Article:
Many of you will recall the earlier posts here and here on Spygate II – the allegations that the New England Patriots taped a walk-through practice of the St. Louis Rams prior to SuperBowl XXXVI. We discussed the potential trade secret implications of the allegations and the stonewalling that the NFL was doing to Arlen Specter. It appeared that Matt Walsh, an ex-employee of the Patriots, may have been the individual who taped the walk-through but he wasn’t talking and it seemed the NFL didn’t want him to–until now. According to ESPN, the NFL has reached an agreement with Walsh. The article is here. You can read the full text of the agreement here in .pdf.
Key Graph: “Commissioner Goodell will meet with Mr. Walsh … on May 13, the earliest date that Mr. Walsh, who lives in Hawaii, will be available on the East Coast,” the NFL said in a statement released Wednesday. “The agreement also requires Mr. Walsh to return any tapes and other items in his possession that belong to the Patriots. In return, the NFL and the Patriots have promised not to sue Mr. Walsh. They also will indemnify him for any expenses, including legal fees that he incurs in connection with the interview.”
Looks like Mr. Walsh got what he was asking for–total indemnity. We’ll see how this one continues to develop–either Walsh knows something and this could get real interesting real fast, or what he knows is not terribly consequential and all this will have been much ado about nothing. Of course, there is still the hurdle of finding out what he tells the NFL, or what is on the tapes he turns over to the NFL. If the NFL continues to stonewall, it will be pretty evident that Walsh’s information was pretty damaging.
Arlen Specter, the Senator pursuing this issue, says he will not be backing down.
When asked if he wanted to see the materials, Specter said, “I sure do,” adding that he would ask the league to allow him access to whatever videotapes and notes Walsh turns over.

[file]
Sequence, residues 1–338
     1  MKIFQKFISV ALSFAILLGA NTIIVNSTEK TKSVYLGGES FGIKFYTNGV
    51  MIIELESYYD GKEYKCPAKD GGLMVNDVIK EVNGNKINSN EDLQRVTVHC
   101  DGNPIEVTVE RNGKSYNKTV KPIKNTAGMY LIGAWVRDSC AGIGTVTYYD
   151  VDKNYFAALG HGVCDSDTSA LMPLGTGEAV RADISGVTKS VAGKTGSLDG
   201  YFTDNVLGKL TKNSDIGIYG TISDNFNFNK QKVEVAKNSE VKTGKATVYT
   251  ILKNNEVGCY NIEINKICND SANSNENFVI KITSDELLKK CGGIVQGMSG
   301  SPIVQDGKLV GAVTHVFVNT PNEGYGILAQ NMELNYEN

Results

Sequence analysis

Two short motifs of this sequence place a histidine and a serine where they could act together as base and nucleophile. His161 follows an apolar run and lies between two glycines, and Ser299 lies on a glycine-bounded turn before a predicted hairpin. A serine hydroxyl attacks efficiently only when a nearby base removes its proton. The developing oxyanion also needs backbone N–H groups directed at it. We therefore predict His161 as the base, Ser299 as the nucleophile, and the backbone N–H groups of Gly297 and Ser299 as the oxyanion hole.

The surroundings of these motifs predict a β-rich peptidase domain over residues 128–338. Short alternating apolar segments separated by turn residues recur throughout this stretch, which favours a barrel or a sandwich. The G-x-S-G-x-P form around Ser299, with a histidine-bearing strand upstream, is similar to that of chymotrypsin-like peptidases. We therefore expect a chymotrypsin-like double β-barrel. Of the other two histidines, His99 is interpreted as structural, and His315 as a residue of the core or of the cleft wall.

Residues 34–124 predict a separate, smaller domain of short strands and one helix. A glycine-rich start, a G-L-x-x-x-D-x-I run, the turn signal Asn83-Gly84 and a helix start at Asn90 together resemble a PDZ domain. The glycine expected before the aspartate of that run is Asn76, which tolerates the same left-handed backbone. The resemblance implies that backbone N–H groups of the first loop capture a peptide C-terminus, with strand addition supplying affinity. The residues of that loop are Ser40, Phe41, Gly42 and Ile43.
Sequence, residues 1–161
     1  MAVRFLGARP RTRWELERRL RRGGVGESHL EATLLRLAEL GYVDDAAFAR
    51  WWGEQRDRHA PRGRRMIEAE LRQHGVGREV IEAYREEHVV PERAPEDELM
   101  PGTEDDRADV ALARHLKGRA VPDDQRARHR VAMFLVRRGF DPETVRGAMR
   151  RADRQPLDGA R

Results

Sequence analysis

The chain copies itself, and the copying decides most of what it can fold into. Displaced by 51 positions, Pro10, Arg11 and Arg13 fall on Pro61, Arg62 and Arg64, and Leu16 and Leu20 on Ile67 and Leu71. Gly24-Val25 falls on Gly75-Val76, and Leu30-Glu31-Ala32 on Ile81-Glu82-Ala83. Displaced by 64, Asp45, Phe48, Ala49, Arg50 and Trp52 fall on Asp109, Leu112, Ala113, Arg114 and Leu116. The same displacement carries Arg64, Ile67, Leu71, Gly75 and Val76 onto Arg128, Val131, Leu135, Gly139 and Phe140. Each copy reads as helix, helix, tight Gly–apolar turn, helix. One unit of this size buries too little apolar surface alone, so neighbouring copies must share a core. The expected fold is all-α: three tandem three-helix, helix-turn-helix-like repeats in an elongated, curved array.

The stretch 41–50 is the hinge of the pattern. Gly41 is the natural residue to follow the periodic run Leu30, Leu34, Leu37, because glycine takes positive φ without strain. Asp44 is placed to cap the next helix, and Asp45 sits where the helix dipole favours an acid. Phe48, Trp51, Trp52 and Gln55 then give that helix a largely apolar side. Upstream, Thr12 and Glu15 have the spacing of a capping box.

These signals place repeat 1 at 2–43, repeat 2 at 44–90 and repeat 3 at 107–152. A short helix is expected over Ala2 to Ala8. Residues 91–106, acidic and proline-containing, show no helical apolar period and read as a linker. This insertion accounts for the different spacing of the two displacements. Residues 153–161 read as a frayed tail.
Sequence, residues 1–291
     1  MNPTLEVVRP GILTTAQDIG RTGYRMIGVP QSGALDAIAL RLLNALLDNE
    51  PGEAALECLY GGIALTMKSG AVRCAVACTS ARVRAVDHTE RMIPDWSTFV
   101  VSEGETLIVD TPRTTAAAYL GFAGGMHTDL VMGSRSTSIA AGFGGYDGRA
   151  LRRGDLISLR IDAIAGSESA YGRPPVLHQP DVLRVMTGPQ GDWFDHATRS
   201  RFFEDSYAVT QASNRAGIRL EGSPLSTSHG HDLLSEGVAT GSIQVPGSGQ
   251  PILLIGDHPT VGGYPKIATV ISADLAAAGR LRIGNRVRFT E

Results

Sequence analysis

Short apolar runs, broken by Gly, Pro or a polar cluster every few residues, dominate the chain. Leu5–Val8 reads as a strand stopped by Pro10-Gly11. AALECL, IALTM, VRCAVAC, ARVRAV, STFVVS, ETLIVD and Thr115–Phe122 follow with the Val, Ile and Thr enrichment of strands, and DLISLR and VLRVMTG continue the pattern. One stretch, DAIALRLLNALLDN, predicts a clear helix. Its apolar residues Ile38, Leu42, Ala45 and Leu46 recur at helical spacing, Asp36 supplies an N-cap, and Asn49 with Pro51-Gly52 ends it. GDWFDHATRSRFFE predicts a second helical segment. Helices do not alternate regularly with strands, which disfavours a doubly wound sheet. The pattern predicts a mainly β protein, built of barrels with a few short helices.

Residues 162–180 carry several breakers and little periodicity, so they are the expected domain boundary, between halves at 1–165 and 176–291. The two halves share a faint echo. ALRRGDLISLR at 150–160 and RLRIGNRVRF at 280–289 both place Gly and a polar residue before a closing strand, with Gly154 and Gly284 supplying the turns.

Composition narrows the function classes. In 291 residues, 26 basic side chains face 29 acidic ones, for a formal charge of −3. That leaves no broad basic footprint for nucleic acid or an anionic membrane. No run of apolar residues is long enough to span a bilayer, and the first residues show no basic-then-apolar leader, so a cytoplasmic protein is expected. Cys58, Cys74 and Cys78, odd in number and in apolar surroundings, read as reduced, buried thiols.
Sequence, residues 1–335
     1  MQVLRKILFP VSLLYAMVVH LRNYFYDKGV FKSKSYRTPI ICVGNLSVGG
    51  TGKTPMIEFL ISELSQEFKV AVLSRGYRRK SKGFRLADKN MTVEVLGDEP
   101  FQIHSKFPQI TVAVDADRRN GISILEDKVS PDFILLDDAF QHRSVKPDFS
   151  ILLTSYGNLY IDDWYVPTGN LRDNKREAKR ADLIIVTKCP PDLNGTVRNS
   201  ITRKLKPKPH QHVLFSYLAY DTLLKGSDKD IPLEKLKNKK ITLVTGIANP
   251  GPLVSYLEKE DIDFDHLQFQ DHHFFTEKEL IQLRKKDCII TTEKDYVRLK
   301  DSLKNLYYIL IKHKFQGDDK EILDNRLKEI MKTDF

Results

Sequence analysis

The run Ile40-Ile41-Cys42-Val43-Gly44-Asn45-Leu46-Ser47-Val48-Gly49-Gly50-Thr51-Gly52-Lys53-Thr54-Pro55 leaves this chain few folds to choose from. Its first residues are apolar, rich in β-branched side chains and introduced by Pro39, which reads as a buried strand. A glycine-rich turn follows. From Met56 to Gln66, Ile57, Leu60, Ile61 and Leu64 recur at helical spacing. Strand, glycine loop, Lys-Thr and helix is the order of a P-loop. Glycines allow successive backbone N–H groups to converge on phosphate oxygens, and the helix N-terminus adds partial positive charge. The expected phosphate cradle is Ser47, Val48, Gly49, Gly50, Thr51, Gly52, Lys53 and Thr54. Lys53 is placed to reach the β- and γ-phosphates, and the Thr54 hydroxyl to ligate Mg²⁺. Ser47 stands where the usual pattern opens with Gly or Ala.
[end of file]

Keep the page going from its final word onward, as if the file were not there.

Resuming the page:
“To whatever extent the league’s approval is necessary, I will ask them for it in a formal way,” Specter said.
Specter will not be part of the NFL’s interview of Walsh but confirmed he expected to be meeting with Walsh in Washington also on May 13.
As for what he wants to learn from Walsh in their conversation, Specter said: “I want to know everything. I would begin chronologically. When did the first taping occur? Who directed it? And who knew about it? Who participated in it, and what use was made of it? And what effect did it have on the game, as best he could tell? Was there ever any disagreement about using it?”
What he learns from Walsh, as well as the materials the former video assistant turns over, will determine whether Specter will ask the judiciary committee to look into the matter.
As I said, this could get messy for the NFL if Walsh has the goods on the Patriots. As for the trade secrets implications of all this, I will post on that should it appear that Walsh really has what he says he has.
Back in January I posted on Allstate Insurance’s refusal to turn over documents regarding its claims process, the so-called McKinsey documents. That post is here. Allstate claimed that the documents were trade secrets.
Now, as reported by the Kansas City Business Journal here, Allstate has decided not only to turn the documents over to the court, but has posted the documents online. And insurance industry watchdogs are having a heyday with the documents. Go here.
“The company said in a release that it still thinks the documents are trade secrets but that it decided to release the 150,000 pages online because it wanted to dispel the “inaccurate picture” that had been painted of its claims process.”
So, you get to decide, are you in Good Hands, or are they still giving you the middle finger?
Very interesting article. Apparently, a former software engineer for a telecomm company based near Chicago was indicted based on a random search of her luggage, prior to travel to China, which revealed trade secret information worth $600 million. Note that she was an employee of the telecomm company–if I’ve said it once, I’ve said it a thousand times–your employees are the greatest threat to your trade secrets. Make sure you are adequately protected from this type of exposure.